Hot chips best worldwide meal for protecting biodiversity, study finds

Hot chips best worldwide meal for protecting biodiversity, study finds Hot chips may not be the healthiest meal, but according to a new study they are healthy for the planet. (ABC News: Georgia Hargreaves)

When it comes to protecting the world's biodiversity, choosing what to eat makes a big impact.

So what meals are best?

A recent international studyhas ranked the biodiversity footprint of some of the world's favourite meals, and it's good news for those who like hot chips.

Using 151 of the most popular dishes on global recipe websites, the study analysed how much crops and livestock were putting the native environment at risk based on the combined ingredients.

The meal with the highest impact on biodiversity was Lechazo (roast lamb) from Spain, with the lowest being pommes frites, also known as French fries or hot chips.

Co-author of the University of Singapore study, associate professor Roman Carrasco, said similar analyses were typically done at the ingredient level, which was not what people think about when making meal choices.

To determine the rankings, the study compared the area's ingredients produced with the native fauna of that region.

"We overlay them and then we see actually the range of area this species can live that has been taken over by this crop," Dr Carrasco said.

"Then we rank dishes in terms of how many species are losing their home because we are eating that dish."

Hot chips, low impact

Dishes based on starches and potatoes were generally the most efficient, with beef-heavy meals largely the least.

South Australian spud farmer Terry Buckley – who farms near Mount Gambier – said it was not a big surprise to those in the industry that potatoes made for a low-impact snack.

"It is something we have always known. Yields are so high per hectare, which is what makes a difference," Mr Buckley said.

On his farm, Mr Buckley grows about 60 tonnes of potatoes per hectare of land.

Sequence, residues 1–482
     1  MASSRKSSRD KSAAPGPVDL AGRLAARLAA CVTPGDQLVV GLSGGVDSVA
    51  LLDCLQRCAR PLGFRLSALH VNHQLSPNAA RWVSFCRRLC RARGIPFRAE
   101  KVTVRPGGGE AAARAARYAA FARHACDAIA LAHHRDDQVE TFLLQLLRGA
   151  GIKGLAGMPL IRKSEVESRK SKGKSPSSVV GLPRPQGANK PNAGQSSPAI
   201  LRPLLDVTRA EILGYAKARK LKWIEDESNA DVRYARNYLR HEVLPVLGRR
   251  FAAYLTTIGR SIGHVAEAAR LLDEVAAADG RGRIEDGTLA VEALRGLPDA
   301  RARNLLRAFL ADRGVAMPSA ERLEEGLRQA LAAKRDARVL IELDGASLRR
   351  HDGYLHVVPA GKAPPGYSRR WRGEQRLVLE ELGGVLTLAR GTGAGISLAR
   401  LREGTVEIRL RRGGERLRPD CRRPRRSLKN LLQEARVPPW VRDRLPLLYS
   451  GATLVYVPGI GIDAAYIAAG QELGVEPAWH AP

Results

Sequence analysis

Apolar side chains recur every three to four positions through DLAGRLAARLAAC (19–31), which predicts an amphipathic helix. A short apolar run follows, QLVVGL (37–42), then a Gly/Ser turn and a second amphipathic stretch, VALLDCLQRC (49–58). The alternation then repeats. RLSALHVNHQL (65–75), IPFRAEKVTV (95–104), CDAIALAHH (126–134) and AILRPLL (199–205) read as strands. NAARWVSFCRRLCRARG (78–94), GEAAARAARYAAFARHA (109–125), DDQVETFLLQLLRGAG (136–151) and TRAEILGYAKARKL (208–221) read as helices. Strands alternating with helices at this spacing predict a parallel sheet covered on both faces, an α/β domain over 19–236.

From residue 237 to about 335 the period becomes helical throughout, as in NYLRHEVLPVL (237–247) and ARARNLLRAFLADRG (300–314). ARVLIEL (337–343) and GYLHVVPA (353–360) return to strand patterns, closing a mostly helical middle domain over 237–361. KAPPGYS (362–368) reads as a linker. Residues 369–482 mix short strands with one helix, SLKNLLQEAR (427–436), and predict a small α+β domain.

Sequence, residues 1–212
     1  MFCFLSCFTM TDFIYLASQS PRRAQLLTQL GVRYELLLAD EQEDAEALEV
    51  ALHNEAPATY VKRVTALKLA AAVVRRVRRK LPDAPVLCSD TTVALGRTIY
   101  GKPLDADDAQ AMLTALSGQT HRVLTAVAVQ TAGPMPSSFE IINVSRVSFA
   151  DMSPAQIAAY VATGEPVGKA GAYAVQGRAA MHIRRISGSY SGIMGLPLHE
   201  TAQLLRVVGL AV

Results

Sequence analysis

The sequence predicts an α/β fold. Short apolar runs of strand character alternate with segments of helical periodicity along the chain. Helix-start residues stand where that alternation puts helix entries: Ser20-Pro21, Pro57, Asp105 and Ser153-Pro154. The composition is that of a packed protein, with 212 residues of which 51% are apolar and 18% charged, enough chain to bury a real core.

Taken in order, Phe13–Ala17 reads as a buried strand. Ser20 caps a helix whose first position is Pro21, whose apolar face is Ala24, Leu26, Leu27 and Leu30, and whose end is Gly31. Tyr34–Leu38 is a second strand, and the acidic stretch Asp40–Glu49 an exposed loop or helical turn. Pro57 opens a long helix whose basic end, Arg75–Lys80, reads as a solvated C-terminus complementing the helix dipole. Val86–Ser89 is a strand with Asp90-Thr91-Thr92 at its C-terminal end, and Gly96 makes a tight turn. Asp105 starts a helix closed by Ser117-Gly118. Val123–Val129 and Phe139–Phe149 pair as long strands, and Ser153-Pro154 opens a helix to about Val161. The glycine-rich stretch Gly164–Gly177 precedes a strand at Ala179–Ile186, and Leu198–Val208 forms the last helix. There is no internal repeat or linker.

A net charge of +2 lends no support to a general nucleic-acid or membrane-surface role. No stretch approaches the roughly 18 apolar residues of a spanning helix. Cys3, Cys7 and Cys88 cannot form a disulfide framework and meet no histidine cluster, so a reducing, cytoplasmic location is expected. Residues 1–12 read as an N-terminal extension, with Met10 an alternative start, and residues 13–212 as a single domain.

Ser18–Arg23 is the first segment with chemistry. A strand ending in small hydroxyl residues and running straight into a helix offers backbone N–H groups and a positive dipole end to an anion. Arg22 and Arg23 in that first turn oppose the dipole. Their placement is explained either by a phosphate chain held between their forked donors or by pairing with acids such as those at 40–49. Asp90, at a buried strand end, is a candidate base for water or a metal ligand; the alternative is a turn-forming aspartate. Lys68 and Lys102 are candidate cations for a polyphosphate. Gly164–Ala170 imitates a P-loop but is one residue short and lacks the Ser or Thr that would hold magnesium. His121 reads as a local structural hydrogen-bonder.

"We are doing pretty well by world standards," he said.

"When you look at the water use, for what you get back, it is pretty impressive."

Only one Aussie dish was in the list, avocado on toast, which had the 58th largest footprint out of the 151 meals studied.

Location matters

Some of the worst offenders were meals from Brazil and India, countries which have retained high biodiversity but were facing increasing pressure from agriculture.

But a meat-free meal didn't always make for an ecological meal, with two vegan dishes from India placed in the top 10 as worst for biodiversity.

"The findings [showed] that vegan and vegetarian diets are more beneficial for biodiversity, but the caveat is that the location matters," Dr Carrasco said.

"For example, chickpeas are great if they are produced in a different place [than India], but if they are produced in a biodiversity hotspot, they are a very imperial species and can be as detrimental as eating meat."

Reducing your impact

Despite Australia not having meals high on the list, biodiversity expert associate professor Patrick O'Connor, from the University of Adelaide, said the nation's biodiversity was under threat.

"The big impacts are how we use land, water and the ocean; and agriculture is a big one of those," he said.

"As we become more able to clear other land or intensify the way that we use land, we'll have a bigger footprint."

For those looking to decrease their footprint, Professor O'Connor said some of the major differences consumers could make was to buy less meat, and buy locally.

"The basic rules for eating well and eating for a sustainable planet are to eat locally and eat things your great-grandmother would recognise as food," he said.

"That doesn't mean that you have to give up all animal proteins, but a consciousness of that makes a difference."

  • https://www.msn.com/en-au/news/australia/hot-chips-best-worldwide-meal-for-protecting-biodiversity-study-finds/ar-BB1j0G1F?ocid=00000000

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